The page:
Business considerations ... Q&A session ...

Q: I am currently looking into the feasibility of producing an instructional video on my art. What do you think?

A: (from Bill Ritchie) Instructional videos on any art, craft or design process could achieve two good things, in theory. One, the tape could actually teach a person how to begin to learn your art and craft (It might also have the positive effect of showing them that it is really not for them.) Secondly, it might bring your particular style and distinguishing qualities to the attention of more people. It might help your sales.

Both of these possibilities are probably harmonious to your goals as an artist, craftsperson and designer. The questions raised are mostly economic, and only you can decide whether to pursue the videotape production.

Personally I am an advocate of instructional videos, but I started a long time ago (1970) therefore much of what I know is practically obsolete. Both the making and the viewing of instructional videos is changed.

For example, digital video replaces videotape on the production side, but videotape is still the favored medium on the viewer's side. Therefore, the artist, crafts person or designer who is considering making a videotape is advised to use digital systems to produce it and then videotape to distribute your ideas.

In theory, this is better than the old method I used in my tape-making. The creative person - who also may be a creative teacher and marketer - will love the flexibility of digital systems. Even though the added time it will take from your studio is great, the rewards and potential for both education and marketing and sales are worth it, I think. By "worth it" I mean an investment of approximately $5000 of today's dollars and about 10 hours a week.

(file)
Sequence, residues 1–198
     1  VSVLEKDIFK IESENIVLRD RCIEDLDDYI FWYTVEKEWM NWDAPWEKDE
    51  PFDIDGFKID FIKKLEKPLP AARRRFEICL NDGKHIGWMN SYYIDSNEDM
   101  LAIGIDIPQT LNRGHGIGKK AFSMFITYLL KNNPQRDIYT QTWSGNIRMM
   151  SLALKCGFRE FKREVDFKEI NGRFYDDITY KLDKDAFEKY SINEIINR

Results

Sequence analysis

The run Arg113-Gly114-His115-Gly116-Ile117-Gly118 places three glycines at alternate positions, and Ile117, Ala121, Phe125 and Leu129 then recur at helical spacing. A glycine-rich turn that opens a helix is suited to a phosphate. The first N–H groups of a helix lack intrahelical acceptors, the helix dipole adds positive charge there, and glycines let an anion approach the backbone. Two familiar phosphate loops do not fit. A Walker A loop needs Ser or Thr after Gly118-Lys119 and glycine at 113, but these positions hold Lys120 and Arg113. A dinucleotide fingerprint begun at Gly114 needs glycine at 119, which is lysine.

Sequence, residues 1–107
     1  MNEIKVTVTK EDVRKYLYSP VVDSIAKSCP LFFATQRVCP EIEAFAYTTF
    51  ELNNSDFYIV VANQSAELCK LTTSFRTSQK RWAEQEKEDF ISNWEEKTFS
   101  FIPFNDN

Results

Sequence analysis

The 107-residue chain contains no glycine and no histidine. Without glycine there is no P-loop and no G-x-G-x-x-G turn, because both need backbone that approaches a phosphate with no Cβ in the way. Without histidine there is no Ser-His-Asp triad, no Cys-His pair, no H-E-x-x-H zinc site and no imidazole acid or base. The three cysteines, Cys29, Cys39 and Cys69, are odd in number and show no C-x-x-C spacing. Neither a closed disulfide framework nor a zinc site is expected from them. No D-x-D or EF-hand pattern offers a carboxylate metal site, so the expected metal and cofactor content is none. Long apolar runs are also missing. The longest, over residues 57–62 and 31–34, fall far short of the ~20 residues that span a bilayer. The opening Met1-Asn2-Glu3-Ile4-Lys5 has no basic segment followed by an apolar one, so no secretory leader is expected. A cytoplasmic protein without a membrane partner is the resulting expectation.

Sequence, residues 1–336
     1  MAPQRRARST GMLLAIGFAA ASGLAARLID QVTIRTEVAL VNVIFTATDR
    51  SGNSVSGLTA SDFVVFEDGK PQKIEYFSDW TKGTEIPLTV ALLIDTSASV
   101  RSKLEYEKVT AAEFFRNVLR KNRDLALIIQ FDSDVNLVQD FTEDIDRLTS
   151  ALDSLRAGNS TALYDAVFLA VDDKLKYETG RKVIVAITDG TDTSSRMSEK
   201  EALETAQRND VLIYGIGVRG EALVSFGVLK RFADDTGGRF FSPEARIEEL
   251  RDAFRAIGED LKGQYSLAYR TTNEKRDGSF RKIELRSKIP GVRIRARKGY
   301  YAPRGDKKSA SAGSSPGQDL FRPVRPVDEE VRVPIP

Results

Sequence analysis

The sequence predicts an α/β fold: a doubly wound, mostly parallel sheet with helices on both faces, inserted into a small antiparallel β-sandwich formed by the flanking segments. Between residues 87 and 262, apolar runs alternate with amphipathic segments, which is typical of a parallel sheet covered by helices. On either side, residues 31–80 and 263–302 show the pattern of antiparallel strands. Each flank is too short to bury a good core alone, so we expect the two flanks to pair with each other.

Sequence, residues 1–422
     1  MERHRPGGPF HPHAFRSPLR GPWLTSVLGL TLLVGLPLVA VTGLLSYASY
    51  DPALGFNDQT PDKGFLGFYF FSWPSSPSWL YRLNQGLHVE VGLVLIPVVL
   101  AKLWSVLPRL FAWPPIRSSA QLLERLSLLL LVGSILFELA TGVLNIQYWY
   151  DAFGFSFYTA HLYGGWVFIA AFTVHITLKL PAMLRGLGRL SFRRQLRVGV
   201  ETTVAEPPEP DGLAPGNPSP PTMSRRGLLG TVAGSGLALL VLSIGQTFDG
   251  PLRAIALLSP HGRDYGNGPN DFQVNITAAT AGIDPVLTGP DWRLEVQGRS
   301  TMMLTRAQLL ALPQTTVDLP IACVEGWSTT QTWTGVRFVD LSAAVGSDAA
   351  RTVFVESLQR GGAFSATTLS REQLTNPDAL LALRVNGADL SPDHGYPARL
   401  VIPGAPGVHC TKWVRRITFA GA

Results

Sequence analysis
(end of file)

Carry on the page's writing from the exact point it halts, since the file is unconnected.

Here's an example: I distribute one videotape for a 91-year old enamel artist. She made the tape over ten years ago for less than $1000 with a lot of donated time and love from supporters. Her goal was to preserve and disseminate information about her passion - Limoges enameling. She didn't want to make a profit.

So, she did not make a profit. Privately and inwardly, I complain about the lack of a profit motive. In keeping her profit margin at zero she has found only one person (me) who can afford to help her distribute and promote her tape. That wouldn't matter, except as a long-term consequence few people know what Limoges enamel is.


Art education teachers in general, in my humble opinion, missed the boat thirty years ago by not alerting more advocates of the arts to national television innovators who created programs like Sesame Street and Bill Nye the Science Guy. Therefore, the arts and humanities kind of lost ground.

Now it's up to individuals - perhaps the people who take the time to learn marketing and sales - to fill the gap and compete for viewers' time and support. Artists, crafts people and designers will have to learn on their own how to use the digital tools that are accessible for education and, potentially, marketing and sales.

A: (from ...)


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